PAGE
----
Ted Cruz Knew What He Was Doing
The key line in a very bad exchange wasn't "racist babies," it was "Georgetown Day School"
Hi all! I know I said just last week that The White Pages would come out more infrequently while I worked on the book, but I also said, “sometimes I’ll get inspired to comment on something happening in the world” and, well… I guess I didn’t even last a week without something happening in the world. Go figure.
Also: Only ten more days to register for Barnraisers Project Spring Training cohorts! If you get to the end of today’s piece and your reaction is “Ok, Garrett, I get it, but how do I do the kind of non-myopic political work you’re lecturing me about?” I really do think the cohorts might be for you.
There were widely-televised hearings on Capitol Hill this week. While these hearings were ostensibly about Judge Ketanji Brown Jackson’s confirmation to the Supreme Court, that’s never the actual point of these affairs. Congressional hearings are always a big silly Take Your Potential Voters To Work Day, a chance for Senators to puff and strut and test out both various personal branding strategies.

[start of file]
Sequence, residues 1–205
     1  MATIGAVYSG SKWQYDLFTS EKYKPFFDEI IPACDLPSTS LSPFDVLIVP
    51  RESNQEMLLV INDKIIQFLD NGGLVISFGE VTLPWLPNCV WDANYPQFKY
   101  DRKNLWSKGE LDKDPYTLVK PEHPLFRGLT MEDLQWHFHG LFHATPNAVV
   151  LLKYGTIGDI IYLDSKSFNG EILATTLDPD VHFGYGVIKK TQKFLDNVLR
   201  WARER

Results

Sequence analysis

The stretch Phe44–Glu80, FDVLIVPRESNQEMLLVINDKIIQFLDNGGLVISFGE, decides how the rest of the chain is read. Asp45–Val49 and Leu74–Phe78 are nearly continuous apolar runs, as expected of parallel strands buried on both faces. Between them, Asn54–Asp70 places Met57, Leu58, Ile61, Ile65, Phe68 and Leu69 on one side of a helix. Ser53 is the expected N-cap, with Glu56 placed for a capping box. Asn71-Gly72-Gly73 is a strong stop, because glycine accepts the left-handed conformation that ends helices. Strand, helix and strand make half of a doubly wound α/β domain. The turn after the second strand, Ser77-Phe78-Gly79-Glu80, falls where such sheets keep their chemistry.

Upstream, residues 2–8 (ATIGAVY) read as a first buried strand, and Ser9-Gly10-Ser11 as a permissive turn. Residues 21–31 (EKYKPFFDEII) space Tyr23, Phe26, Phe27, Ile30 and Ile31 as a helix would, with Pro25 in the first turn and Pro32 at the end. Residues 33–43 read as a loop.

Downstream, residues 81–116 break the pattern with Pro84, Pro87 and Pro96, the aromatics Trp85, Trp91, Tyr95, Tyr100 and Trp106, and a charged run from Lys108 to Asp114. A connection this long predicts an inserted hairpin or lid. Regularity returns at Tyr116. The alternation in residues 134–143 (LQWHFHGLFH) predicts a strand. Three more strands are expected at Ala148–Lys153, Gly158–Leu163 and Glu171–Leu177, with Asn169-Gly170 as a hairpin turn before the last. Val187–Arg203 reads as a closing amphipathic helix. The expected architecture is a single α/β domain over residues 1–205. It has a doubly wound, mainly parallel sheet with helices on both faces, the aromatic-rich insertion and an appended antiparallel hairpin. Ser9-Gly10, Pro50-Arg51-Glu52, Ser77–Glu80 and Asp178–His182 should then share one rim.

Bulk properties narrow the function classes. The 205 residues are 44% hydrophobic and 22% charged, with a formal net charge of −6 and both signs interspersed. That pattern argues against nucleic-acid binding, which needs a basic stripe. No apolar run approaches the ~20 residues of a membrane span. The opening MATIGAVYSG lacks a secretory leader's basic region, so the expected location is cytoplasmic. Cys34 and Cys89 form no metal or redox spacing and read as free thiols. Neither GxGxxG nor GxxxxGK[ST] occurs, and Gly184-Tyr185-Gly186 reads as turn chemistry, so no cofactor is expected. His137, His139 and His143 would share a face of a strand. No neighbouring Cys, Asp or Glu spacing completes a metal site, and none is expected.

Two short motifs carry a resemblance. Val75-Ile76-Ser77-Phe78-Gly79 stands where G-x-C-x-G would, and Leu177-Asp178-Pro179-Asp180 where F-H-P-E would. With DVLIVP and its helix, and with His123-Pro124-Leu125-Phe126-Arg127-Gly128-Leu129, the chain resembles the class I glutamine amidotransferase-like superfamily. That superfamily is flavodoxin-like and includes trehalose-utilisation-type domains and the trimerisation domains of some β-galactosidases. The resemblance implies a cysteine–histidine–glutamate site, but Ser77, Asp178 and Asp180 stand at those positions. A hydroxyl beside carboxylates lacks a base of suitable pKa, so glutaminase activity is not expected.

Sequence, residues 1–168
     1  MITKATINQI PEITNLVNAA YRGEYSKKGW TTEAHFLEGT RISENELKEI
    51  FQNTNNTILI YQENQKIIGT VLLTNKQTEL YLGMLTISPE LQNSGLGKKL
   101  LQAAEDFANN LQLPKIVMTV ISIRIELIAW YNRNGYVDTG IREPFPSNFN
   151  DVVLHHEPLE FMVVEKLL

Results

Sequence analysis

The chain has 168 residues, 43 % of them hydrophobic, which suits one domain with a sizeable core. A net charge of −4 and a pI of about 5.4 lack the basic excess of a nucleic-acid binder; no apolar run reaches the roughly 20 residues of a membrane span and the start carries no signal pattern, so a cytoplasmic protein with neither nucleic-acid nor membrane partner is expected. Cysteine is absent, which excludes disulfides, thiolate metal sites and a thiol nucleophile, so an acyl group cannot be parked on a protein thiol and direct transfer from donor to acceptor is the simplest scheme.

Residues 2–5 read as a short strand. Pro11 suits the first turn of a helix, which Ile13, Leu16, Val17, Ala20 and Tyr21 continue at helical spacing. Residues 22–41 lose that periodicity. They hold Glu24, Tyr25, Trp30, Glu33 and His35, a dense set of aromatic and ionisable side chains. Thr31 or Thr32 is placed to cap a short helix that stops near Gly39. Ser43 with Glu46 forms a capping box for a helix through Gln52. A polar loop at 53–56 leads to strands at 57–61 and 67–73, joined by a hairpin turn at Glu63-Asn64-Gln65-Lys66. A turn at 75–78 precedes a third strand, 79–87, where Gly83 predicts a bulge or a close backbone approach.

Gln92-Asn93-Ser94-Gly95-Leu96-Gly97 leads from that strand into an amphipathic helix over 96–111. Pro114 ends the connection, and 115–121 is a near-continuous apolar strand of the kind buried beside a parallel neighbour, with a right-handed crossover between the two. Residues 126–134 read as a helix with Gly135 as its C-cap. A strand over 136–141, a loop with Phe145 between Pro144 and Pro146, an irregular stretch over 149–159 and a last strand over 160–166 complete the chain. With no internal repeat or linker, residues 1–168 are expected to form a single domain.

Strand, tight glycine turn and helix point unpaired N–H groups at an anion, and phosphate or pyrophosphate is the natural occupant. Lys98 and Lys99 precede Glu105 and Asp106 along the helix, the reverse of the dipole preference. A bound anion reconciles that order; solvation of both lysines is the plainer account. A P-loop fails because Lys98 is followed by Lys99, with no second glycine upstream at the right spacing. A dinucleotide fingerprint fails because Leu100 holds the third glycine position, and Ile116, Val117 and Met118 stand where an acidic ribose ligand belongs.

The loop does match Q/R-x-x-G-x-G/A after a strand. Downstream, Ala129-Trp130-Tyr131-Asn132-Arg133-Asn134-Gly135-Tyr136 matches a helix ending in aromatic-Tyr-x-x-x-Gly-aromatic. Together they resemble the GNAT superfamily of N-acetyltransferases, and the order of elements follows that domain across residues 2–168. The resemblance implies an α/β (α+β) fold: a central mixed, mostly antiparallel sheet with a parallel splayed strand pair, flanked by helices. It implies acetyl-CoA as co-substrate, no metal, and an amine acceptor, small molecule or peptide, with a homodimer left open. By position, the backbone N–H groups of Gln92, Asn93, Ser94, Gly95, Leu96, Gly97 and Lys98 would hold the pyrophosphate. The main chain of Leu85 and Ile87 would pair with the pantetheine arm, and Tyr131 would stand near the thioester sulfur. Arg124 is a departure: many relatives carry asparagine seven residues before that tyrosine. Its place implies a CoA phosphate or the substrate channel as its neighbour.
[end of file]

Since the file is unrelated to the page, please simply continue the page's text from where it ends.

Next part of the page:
That’s why, if you followed the hearings this week, you heard more about child pornography and the definition of a woman than you did about Judge Brown Jackson’s fitness for the nation’s highest court. That’s also why, more than anything else, you listened as Texas Senator Ted Cruz get very riled up about racist babies.
God Bless Ted Cruz. If he didn’t exist, the Republican Party would be forced to invent him. Because his boundless ambition is so many times larger than his sense of shame, he is the perfect vessel for every new faux-populist attack line. For most of us, the problem with performative political puffery is that if you really want to sell it, you can’t care about your personal dignity. You have to eat a big dumb pork chop at the Iowa State Fair. You have to tell a town hall crowd that you are gravely concerned that their ungrateful grandchildren don’t like their Facebook posts anymore. You have to nod and say yes, that is definitely a case of shadow banning and you will make sure Mark Zuckerberg personally answers for it.
Ted Cruz, bless his extremely craven heart, doesn’t have that problem. He gave up any hope of dignity long, long ago. So, of course, it was America’s most irritating Ivy League striver who was willing to blubber about critical race theory while aides solemnly placed gigantic pictures of fat cartoon babies behind him.
The problem, though, is that Ted Cruz isn’t actually stupid. Shameless, yes, but not stupid.